God did not give Paul stronger skin and bones or supplied him with a vision assuring him that he would not suffer again; to the contrary (Acts 9.15-16)— God strengthened his faith, “so that” (here is the purpose) “we would not trust in ourselves, but in God who raises the dead” (2 Cor. 1.9). 

Schreiner’s commentary on Peter comes to the same conclusion:

“All of 1 Peter clarifies that we are not exempted from suffering or even death because of the power of God since the church experiences persecution. God’s power does not shield believers from trials and sufferings, but it does protect us from that which would cause us to fall away. What would prevent us from maintaining our allegiance to Christ until the end? Surely the answer is sin, and we know that sin stems from unbelief—in failing to hope in God during our earthly sojourn. God’s power, to be effective at all, must guard us from sin and unbelief… If God’s power does not protect us from unbelief, it is hard to see what it does. How is God protecting us until the end if his guarding plays no role in our continuing faith?” (Thomas R. Schreiner, 1 Peter NAC; p.65).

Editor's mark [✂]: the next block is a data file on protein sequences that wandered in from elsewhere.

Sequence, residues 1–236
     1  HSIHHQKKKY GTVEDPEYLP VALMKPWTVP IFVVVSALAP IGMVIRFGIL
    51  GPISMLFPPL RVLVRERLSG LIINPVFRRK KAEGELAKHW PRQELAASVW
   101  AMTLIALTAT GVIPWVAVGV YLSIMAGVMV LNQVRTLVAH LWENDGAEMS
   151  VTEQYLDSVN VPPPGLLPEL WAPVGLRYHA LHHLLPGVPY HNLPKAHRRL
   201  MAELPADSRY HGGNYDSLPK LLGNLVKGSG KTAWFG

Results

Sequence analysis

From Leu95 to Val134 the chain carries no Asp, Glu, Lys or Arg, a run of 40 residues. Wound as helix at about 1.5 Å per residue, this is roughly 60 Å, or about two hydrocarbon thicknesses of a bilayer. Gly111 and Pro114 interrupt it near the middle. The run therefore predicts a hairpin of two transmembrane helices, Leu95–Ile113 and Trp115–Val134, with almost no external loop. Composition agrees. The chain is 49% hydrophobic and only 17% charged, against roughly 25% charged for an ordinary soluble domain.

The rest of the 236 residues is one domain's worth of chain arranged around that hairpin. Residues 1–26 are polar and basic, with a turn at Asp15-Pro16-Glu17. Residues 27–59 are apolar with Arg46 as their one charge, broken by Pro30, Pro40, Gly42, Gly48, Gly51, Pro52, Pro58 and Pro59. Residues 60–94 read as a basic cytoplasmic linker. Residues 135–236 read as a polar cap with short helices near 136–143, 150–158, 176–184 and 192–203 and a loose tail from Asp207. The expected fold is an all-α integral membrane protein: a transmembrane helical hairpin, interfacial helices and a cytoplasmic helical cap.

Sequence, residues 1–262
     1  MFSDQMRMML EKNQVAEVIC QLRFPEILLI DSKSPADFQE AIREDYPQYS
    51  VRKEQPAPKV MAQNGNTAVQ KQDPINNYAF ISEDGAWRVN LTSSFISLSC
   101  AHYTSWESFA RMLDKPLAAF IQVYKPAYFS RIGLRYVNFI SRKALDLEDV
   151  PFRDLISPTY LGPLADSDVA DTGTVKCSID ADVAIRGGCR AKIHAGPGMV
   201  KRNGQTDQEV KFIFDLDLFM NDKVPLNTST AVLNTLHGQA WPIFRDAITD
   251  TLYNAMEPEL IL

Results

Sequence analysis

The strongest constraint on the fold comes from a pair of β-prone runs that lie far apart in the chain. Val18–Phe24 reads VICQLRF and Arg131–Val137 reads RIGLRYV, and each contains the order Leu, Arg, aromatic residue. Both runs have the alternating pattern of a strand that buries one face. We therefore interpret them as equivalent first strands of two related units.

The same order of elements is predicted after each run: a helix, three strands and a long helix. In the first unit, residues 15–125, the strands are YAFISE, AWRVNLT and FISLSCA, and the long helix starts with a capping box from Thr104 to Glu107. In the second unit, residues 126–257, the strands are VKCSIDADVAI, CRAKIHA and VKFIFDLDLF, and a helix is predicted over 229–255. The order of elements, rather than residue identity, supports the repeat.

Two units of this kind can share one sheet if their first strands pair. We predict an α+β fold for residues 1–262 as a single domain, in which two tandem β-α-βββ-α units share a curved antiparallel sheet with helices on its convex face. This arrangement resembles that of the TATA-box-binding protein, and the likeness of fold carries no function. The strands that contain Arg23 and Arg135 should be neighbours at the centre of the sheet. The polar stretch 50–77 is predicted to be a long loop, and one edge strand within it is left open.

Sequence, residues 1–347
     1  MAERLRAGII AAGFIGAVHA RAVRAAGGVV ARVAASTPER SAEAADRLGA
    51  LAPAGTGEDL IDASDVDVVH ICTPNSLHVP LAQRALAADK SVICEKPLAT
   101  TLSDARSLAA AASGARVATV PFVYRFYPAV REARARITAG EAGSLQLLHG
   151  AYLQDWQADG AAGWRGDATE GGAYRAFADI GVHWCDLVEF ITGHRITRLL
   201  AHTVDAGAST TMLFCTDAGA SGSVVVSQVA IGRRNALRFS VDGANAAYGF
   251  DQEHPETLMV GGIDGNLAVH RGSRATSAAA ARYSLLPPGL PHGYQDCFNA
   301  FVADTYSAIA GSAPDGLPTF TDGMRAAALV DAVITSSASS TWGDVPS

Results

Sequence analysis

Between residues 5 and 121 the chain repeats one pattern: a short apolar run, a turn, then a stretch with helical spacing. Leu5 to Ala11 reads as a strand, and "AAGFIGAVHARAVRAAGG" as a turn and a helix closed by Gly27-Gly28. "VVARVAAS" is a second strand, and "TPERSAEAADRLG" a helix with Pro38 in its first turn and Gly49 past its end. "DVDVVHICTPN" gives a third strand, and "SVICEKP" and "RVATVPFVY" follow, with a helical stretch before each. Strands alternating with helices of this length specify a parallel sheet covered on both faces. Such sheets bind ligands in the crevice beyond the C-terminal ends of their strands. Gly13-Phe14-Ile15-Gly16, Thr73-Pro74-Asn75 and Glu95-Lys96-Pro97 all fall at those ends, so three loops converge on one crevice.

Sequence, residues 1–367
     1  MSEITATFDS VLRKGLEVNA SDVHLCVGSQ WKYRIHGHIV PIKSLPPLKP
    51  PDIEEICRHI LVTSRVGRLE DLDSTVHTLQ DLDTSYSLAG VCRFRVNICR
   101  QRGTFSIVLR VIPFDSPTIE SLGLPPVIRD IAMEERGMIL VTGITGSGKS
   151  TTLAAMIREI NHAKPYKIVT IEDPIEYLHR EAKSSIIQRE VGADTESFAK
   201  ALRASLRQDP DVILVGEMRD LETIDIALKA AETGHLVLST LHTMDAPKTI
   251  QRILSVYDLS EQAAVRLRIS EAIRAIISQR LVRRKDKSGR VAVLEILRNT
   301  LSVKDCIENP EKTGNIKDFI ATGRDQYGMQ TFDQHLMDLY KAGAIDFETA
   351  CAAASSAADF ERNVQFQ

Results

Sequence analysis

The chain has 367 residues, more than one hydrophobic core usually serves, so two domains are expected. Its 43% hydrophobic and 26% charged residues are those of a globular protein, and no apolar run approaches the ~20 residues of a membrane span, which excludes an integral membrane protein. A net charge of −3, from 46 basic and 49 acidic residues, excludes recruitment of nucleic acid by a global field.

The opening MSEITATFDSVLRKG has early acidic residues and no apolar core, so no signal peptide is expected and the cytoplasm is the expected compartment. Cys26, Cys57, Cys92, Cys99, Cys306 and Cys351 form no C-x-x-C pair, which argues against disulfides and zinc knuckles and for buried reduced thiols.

Therefore, the faith-method of God’s grace is a purifying method, a method that fosters more faith more endurance and greater trust so that it results in greater assurance.  Hebrews strikes a delicate balance between perseverance and hope versus throwing away our hope by failing to endure:

Hebrews 10:35–39  35Therefore, do not throw away your confidence, which has a great reward. 36 For you have need of endurance, so that when you have done the will of God, you may receive what was promised. 37 For yet in a very little while, He who is coming will come, and will not delay. 38 But My righteous one shall live by faith; And if he shrinks back, My soul has no pleasure in him. 39 But we are not of those who shrink back to destruction, but of those who have faith to the preserving of the soul.